Mrs. Adair had not looked at Durrance while she spoke. She kept her eyes fixed steadily in front of her, and indeed she spoke without feeling on one side or the other, but rather like a person constraining herself to speech because speech was a necessity. Nor did she turn to look at Durrance when she had done.
“So she has lost everything?” said Durrance.
“She still has a home in Donegal,” returned Mrs. Adair.
“And that means a great deal to her,” said Durrance, slowly. “Yes, I think you are right.”
“It means,” said Mrs. Adair, “that Ethne with all her ill-luck has reason to be envied by many other women.”
Durrance did not answer that suggestion directly. He watched the carriages drive past, he listened to the chatter and the laughter of the people about him, his eyes were refreshed by the women in their light-coloured frocks; and all the time his slow mind was working toward the lame expression of his philosophy. Mrs. Adair turned to him with a slight impatience in the end.
“Of what are you thinking?” she asked.
“That women suffer much more than men when the world goes wrong with them,” he answered, and the answer was rather a question than a definite assertion. “I know very little, of course. I can only guess. But I think women gather up into themselves what they have been through much more than we do. To them what is past becomes a real part of them, as much a part of them as a limb; to us it’s always something external, at the best the rung of a ladder, at the worst a weight on the heel. Don’t you think so, too? I phrase the thought badly. But put it this way: Women look backwards, we look ahead; so misfortune hits them harder, eh?”
Mrs. Adair answered in her own way. She did not expressly agree. But a certain humility became audible in her voice.
“The mountain village at which Ethne is living,” she said in a low voice, “is called Glenalla. A track strikes up towards it from the road halfway between Rathmullen and Ramelton.” She rose as she finished the sentence and held out her hand. “Shall I see you?”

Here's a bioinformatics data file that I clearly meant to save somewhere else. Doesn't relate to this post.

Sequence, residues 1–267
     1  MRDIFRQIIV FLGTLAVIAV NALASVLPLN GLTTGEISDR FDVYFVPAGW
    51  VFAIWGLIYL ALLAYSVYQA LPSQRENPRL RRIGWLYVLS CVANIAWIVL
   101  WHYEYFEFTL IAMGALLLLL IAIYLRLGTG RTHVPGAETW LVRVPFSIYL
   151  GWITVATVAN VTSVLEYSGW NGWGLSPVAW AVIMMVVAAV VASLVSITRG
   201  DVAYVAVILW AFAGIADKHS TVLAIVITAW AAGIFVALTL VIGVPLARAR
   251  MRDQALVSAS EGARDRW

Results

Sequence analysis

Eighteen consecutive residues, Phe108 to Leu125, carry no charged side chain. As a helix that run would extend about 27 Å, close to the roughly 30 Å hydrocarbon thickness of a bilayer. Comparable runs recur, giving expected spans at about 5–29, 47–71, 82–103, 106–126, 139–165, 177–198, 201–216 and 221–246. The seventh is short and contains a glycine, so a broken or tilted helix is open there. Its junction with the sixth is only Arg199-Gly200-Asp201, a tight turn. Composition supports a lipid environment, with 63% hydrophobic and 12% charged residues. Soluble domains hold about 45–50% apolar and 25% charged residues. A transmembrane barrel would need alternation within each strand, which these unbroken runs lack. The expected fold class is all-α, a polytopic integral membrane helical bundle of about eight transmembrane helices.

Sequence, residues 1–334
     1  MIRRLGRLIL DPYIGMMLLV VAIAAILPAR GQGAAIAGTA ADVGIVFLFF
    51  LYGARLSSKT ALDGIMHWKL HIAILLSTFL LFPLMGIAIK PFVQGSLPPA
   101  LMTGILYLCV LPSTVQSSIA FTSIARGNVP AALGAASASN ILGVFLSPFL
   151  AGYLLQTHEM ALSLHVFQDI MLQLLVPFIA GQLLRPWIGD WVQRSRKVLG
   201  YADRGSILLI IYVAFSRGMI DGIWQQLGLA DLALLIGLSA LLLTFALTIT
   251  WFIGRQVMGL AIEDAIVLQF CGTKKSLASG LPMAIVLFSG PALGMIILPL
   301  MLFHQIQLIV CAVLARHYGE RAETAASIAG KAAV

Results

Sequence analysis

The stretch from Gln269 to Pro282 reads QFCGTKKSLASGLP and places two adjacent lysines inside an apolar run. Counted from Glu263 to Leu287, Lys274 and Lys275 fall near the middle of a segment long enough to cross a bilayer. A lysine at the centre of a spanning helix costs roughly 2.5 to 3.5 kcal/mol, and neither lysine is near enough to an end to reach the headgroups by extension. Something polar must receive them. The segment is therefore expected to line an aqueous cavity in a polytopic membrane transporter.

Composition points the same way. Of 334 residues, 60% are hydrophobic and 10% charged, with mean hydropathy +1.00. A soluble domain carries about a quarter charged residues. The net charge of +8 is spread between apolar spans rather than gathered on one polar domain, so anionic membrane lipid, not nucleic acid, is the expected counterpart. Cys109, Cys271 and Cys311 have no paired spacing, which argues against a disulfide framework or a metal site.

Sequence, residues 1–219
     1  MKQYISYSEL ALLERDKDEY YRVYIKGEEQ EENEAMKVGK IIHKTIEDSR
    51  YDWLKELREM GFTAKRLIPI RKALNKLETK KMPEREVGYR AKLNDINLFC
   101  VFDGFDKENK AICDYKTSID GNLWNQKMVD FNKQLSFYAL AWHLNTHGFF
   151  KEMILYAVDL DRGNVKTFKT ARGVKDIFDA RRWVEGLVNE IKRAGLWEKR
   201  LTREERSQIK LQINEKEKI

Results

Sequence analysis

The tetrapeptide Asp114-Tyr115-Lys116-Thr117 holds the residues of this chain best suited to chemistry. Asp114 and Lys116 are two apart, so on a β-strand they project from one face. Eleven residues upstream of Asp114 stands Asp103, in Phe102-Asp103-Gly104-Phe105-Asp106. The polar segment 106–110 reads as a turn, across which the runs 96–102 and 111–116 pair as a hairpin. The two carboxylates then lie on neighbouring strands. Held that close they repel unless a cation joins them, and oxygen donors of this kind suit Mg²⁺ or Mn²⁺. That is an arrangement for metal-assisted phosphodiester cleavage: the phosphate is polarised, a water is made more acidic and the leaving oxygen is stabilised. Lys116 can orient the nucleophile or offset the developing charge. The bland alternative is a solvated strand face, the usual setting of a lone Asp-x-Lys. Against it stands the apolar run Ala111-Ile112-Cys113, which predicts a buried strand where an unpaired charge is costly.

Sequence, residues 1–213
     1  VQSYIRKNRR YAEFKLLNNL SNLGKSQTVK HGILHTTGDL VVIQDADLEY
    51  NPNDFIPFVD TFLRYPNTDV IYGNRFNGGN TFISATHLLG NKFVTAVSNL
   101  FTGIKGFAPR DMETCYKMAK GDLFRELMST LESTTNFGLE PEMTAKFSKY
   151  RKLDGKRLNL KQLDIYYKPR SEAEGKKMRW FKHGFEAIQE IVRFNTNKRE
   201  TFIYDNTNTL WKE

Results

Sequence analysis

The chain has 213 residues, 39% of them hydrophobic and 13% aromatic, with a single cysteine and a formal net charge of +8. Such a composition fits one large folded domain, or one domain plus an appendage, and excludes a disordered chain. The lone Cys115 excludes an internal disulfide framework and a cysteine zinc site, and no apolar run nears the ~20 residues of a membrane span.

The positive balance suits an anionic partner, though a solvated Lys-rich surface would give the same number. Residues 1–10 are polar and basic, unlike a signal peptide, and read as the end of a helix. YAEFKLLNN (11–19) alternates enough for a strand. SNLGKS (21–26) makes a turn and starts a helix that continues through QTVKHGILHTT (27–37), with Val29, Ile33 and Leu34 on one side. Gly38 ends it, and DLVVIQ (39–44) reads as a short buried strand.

“You are still in Hill Street?” said Durrance. “I shall be for a time in London.”
Mrs. Adair raised her eyebrows. She looked always by nature for the intricate and concealed motive, so that conduct which sprang from a reason, obvious and simple, was likely to baffle her. She was baffled now by Durrance’s resolve to remain in town. Why did he not travel at once to Donegal, she asked herself, since thither his thoughts undoubtedly preceded him. She heard of his continual presence at his Service Club, and could not understand. She did not even have a suspicion of his motive when he himself informed her that he had travelled into Surrey and had spent a day with General Feversham.
It had been an ineffectual day for Durrance. The general kept him steadily to the history of the campaign from which he had just returned. Only once was he able to approach the topic of Harry Feversham’s disappearance, and at the mere mention of his son’s name the old general’s face set like plaster. It became void of expression and inattentive as a mask.
“We will talk of something else, if you please,” said he; and Durrance returned to London not an inch nearer to Donegal.
Thereafter he sat under the great tree in the inner courtyard of his club, talking to this man and to that, and still unsatisfied with the conversation. All through that June the afternoons and evenings found him at his post. Never a friend of Feversham’s passed by the tree but Durrance had a word for him, and the word led always to a question. But the question elicited no answer except a shrug of the shoulders, and a “Hanged if I know!”
Harry Feversham’s place knew him no more; he had dropped even out of the speculations of his friends.
Toward the end of June, however, an old retired naval officer limped into the courtyard, saw Durrance, hesitated, and began with a remarkable alacrity to move away.